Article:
I am late reading Bishop Thomas J. Curry’s article, The Best and Worst of Times (11/20). For the first few paragraphs I was pleasantly surprised to read Bishop Curry’s positive affirmations of the American Catholic Church’s vibrant resiliency amid recent tough times. He writes well and brings insight into the best and worst of times. Quickly, however, Bishop Curry’s article took on the tone of an American Catholic patriot, describing a church that the loyal faithful must accept with nothing but positive attitudes.

While I agree that there is much anti-Catholic sentiment around the sexual abuse crisis, the bishop labels all critics as negative, anti-Catholic secularists. He lumped the scholar George Willa conservative in the best sense of the wordwith the New York Times editorialist Maureen Dowd, who has little to say positive about anything. The bishop’s tone, it seems to me, shows again why dialogue is so difficult with church leadership in Americayou are either with us or against us.

We are asked to get on board with the American bishops as they acquiesce to every liturgical directive coming from the Congregation for Divine Worship, which seeks to draw a ritual wall between clergy and laity. We are asked to get on board with the sinfulness of artificial birth controla teaching that ignores the sense of the lay faithful in matters of family morality, that places heavy burdens on people’s consciences, that has no basis in Scripture and that relies upon flawed ideas about sexuality and natural law.

I love my parish. It is a vibrant community led by an open and dynamic pastor with tremendously involved laity. I also know people in other parishes who work hard to maintain a positive attitude while hoping for the day when the bishop will change their pastors. And I know others who have quit the church because of the sexual abuse scandal. Bishop Curry needs to scratch below the surface, moderate the with-me or against-me attitude and open a dialogue that will stimulate an even more vibrant American Catholic Church.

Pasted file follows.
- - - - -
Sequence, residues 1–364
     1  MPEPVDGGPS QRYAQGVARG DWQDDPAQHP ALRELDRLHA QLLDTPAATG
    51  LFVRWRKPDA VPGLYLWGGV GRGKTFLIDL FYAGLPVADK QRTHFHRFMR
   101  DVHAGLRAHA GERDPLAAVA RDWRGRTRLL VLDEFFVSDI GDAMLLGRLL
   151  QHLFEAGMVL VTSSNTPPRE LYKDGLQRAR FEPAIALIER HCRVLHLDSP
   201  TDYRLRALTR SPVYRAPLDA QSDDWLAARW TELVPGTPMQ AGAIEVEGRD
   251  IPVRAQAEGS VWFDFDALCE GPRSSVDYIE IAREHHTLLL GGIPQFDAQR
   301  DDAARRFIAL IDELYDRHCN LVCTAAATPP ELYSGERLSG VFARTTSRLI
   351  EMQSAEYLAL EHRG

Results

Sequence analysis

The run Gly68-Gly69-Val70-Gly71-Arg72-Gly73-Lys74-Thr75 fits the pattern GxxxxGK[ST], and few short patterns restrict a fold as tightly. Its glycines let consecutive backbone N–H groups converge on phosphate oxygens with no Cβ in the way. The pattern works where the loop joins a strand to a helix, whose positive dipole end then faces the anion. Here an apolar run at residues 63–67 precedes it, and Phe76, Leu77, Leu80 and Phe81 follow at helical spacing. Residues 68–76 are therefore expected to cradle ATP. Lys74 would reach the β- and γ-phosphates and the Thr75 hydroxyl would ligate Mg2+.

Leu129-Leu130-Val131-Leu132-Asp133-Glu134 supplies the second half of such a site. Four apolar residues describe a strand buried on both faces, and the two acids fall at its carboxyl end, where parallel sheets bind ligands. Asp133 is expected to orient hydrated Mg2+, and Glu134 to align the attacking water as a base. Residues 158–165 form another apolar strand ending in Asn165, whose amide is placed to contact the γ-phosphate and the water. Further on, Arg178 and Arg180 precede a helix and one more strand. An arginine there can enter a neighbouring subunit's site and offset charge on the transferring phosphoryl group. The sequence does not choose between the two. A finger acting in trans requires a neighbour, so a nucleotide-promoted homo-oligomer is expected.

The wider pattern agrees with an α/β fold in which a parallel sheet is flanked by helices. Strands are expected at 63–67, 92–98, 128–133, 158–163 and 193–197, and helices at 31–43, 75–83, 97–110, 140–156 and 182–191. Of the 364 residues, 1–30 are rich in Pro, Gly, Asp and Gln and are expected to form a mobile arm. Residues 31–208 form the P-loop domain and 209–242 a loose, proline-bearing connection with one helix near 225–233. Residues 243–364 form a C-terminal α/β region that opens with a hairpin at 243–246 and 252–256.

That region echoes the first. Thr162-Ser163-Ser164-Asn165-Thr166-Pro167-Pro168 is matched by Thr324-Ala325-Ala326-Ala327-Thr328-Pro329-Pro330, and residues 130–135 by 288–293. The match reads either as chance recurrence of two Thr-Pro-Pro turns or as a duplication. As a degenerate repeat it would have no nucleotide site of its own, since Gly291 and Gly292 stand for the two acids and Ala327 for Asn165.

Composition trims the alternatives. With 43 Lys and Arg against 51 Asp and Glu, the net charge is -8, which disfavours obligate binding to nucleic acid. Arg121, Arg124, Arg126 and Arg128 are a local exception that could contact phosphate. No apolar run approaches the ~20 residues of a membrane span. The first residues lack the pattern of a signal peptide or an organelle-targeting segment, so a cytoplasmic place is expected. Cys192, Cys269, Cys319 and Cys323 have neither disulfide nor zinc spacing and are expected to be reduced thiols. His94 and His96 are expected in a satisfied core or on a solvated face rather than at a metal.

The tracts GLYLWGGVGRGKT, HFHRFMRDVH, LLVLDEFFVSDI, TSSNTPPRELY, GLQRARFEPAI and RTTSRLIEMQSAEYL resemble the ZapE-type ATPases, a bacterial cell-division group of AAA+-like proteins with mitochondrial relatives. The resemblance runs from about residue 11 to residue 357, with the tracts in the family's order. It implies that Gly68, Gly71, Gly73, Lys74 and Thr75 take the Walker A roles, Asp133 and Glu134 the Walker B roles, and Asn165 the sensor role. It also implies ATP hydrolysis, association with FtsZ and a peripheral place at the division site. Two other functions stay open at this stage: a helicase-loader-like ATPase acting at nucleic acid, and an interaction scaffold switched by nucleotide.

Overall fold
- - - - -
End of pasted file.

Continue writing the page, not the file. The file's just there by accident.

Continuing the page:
Jack Kehoe
Sugar Land, Tex.

Comments

(Most Rev.) Thomas J. Curry | 2/26/2007 - 3:01pm
To further the discussion raised in the State of the Question on “Catholic Fidelity” (1/15), I would like to make the following observations. A recent book, Church Ethics and its Organizational Context: Learning From the Sex Abuse Scandal in the Catholic Church (2006), a collection of essays by 19 scholars—and the initial offering of Boston College’s Church in the 21st Century series—completely ignores the John Jay report and its Supplement (2004, 2006). Its neglect of what the authors of that report characterize as “one of the most extensive collections about sexual abuse of minors and one of a very small number not based on forensic content” is deplorable. In an attempt to compare scandals, one of the contributors to the collection, Professor Kimberly D. Elsbach, cites as an example Salomon Brothers’ handling of a financial crisis. However, instead of comparing apples and oranges, scholars need to research how other organizations have handled the sexual abuse of minors.

If—as the John Jay report demonstrated and as Thomas J. Reese, S.J., noted (America, 10/22/04)—“the church seems to have been ahead of the rest of American society” in dealing with the evil of child abuse, those who critique church management need to factor that into their discussion, something that has yet to happen.

The distress that so many people have expressed over sexual abuse of minors is surely justified. However, reacting to it with “little learning and much morality”—Oscar Wilde’s verdict on his judge—will need to yield to more effective analysis, one that places the abuse and the church in a broader societal context. There is a real danger that those who have embraced the present crisis hoping that it would usher in the future church they desire may develop an allergy to any positive news as their visions fail to materialize.

Focusing on the scandal alone will not energize the kind of broad involvement needed for church renewal. Nor will relying on such generalizations as “after all the church has gone through” substitute for a vision that will balance its problems with an appreciation of its vitality, its extraordinary history in this country and an appreciation of the miracle of the Catholic people over these recent years.